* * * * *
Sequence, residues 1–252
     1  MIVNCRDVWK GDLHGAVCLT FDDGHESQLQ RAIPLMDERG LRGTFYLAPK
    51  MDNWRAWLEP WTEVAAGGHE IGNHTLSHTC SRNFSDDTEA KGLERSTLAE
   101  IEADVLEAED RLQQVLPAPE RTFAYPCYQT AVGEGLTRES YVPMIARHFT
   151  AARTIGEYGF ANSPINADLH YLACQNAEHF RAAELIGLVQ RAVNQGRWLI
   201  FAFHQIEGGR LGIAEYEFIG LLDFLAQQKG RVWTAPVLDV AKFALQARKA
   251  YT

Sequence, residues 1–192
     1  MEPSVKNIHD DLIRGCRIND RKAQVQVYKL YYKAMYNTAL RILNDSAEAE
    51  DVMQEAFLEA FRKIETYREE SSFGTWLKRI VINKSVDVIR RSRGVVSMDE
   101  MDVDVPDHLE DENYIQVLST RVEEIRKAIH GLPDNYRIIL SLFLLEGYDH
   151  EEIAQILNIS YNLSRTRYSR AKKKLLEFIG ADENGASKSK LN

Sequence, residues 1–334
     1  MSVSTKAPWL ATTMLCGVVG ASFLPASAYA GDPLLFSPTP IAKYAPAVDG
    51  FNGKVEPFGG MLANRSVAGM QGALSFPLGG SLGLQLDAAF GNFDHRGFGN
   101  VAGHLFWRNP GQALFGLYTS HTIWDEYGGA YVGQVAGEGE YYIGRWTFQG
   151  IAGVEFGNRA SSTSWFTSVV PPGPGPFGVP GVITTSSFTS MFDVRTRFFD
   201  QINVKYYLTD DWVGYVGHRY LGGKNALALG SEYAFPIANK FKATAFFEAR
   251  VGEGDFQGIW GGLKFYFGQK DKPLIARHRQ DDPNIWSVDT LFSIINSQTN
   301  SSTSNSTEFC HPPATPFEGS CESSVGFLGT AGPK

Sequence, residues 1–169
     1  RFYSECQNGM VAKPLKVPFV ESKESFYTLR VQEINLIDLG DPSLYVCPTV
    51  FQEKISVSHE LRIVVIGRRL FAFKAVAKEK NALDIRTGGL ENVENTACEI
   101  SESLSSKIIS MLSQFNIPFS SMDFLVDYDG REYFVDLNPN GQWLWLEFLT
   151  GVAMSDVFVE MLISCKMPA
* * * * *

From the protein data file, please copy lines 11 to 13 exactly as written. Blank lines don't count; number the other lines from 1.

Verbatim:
   101  MDVDVPDHLE DENYIQVLST RVEEIRKAIH GLPDNYRIIL SLFLLEGYDH
   151  EEIAQILNIS YNLSRTRYSR AKKKLLEFIG ADENGASKSK LN

Sequence, residues 1–334